Cat Leap (••): Your character falls with outstanding grace. Normally, characters take one level of bashing damage for every ten feet fallen. Every success on a Dexterity + Athletics roll reduces the effective height by ten feet. However, if the character would take lethal damage from the fall, the Dexterity + Athletics roll will not reduce the damage. Parkour mitigates this limitation. Additionally, add your Parkour rating to the threshold of damage that can be removed through this roll. Parkour will not mitigate damage from a terminal velocity fall.
Wall Run (•••): When climbing, your character can run upward for some distance before having to traditionally climb. Without rolling, your character scales 10 feet + five feet per dot of Athletics as an instant action, rather than the normal 10 feet.
Expert Traceur (••••): Parkour has become second nature for your character. By spending a Willpower point, you may designate one Athletics roll to run, jump, or climb as a rote action (reroll all failed dice once). On any turn you use this ability, you may not apply your character’s Defense to oncoming attacks.
Freeflow (•••••): Your character’s Parkour is now muscle memory. She can move without thinking in a zen-like state. The character must run for at least a full minute in order to establish Freeflow. Once established, your character is capable of taking Athletics actions reflexively once per turn. By spending a point of Willpower on an Athletics roll in a foot chase, gain three successes instead of three dice.

Resources (• to •••••)
Effect: This Merit reflects your character’s disposable income. She might live in an upscale condo, but if her income is tied up in the mortgage and child support payments, she might have little money to throw around. Characters are assumed to have basic necessities without Resources. The dot rating determines the relative amount of disposable funding the character has available, depending on your particular chronicle’s setting. The same amount of money means completely different things in a game set in Silicon Valley compared to one set in the Detroit slums. One dot is a little spending money here and there. Two is a comfortable, middle class wage. Three is a nicer, upper middle class life. Four is moderately wealthy. Five is filthy rich. Every item has an Availability rating. Once per chapter, your character can procure an item at her Resources level or lower without issue. An item one Availability level above her Resources reduces her effective Resources by one dot for a full month, since she has to rapidly liquidate funds. She can procure items two Availability levels below her Resources without limit (within reason). For example, a character with Resources 4 can procure as many Availability 2 disposable cellphones as she needs.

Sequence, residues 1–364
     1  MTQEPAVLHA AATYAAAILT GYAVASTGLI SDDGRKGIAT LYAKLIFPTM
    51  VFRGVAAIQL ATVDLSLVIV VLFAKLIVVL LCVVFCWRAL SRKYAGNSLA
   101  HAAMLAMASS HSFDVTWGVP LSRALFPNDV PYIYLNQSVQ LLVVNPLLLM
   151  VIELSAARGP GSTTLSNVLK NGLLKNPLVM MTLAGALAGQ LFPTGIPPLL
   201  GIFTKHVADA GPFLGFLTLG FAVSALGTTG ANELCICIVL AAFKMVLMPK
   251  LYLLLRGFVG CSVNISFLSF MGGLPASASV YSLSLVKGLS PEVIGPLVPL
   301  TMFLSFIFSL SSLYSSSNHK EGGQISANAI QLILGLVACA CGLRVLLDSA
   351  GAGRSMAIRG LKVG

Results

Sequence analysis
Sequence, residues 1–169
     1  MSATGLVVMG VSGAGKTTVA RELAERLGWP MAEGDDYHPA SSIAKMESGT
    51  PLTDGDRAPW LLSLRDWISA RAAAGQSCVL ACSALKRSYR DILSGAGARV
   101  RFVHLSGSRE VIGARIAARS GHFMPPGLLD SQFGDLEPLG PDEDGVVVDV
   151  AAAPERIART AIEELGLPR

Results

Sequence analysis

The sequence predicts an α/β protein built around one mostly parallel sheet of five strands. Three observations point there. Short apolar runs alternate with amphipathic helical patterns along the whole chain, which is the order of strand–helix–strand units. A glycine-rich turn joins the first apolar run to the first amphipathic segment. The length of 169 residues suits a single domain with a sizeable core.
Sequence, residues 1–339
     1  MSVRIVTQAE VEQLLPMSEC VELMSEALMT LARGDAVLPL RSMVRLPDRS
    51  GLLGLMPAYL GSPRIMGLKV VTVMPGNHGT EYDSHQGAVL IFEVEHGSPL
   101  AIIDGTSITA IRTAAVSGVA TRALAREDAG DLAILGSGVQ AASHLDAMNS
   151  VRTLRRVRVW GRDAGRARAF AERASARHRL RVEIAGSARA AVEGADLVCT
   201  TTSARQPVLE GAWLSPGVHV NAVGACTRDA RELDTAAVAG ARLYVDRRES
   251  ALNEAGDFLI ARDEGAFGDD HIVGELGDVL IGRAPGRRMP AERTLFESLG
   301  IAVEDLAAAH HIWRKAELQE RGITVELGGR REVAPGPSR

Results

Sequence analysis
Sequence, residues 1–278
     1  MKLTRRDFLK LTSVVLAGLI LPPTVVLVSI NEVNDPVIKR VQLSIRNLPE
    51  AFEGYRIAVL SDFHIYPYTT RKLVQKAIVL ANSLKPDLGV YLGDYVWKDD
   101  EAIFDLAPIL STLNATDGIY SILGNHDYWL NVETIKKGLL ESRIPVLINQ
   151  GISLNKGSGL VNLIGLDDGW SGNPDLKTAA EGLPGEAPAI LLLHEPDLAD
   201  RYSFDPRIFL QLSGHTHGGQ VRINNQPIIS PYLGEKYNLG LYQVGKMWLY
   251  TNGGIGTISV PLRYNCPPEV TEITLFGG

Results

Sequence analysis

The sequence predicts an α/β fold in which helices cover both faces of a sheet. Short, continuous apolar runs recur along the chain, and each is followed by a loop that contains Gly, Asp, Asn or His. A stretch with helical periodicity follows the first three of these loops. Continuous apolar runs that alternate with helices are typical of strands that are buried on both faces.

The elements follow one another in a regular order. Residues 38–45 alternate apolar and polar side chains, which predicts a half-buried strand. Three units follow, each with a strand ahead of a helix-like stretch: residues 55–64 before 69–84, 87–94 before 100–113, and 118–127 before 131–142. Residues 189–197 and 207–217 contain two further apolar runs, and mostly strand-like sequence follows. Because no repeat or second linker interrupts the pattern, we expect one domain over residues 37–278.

Retainer (• to •••••)
Effect: Your character has an assistant, sycophant, servant, or follower on whom she can rely. Establish who this companion is and how he was acquired. It may be as simple as a paycheck. He might owe your character his life. However it happened, your character has a hold on him. A Retainer is more reliable than a Mentor and more loyal than an Ally. On the other hand, a Retainer is a lone person, less capable and influential than the broader Merits. The Merit’s dot rating determines the relative competency of the Retainer. A one-dot Retainer is barely able to do anything of use, such as a pet that knows one useful trick or a homeless old man who does minor errands for food. A three-dot Retainer is a professional in his field, someone capable in his line of work. A five-dot Retainer is one of the best in his class. If he needs to make a roll within his field, double the Retainer dot rating and use it as a dice pool. For anything else use the dot rating as a dice pool. This Merit can be purchased multiple times to represent multiple Retainers.

Safe Place (• to •••••)
Effect: Your character has somewhere she can go where she can feel secure. While she may have enemies that could attack her there, she’s prepared and has the upper hand. The dot rating reflects the security of the place. The actual location, the luxury, and the size are represented by equipment. A one-dot Safe Place might be equipped with basic security systems or a booby trap
at the windows and door. A five-dot could have a security crew, infrared scanners at every entrance, or trained dogs. Each place could be an apartment, a mansion or a hidey-hole. Unlike most Merits, multiple characters can contribute dots to a single Safe Place, combining their points into something greater. A Safe Place gives an Initiative bonus equal to the Merit dots. This only applies to a character with dots invested in the Safe Place. Any efforts to breach the Safe Place suffer a penalty equal to the Merit dots invested. If the character desires, the Safe Place can include traps that cause intruders lethal damage equal to a maximum of the Merit rating (player’s choice as to how much damage a given trap inflicts). This requires that the character has at least a dot in Crafts. The traps may be avoided with a Dexterity + Larceny roll, penalized by the Safe Place dots.

Sleight of Hand (••)
Prerequisite: Larceny •••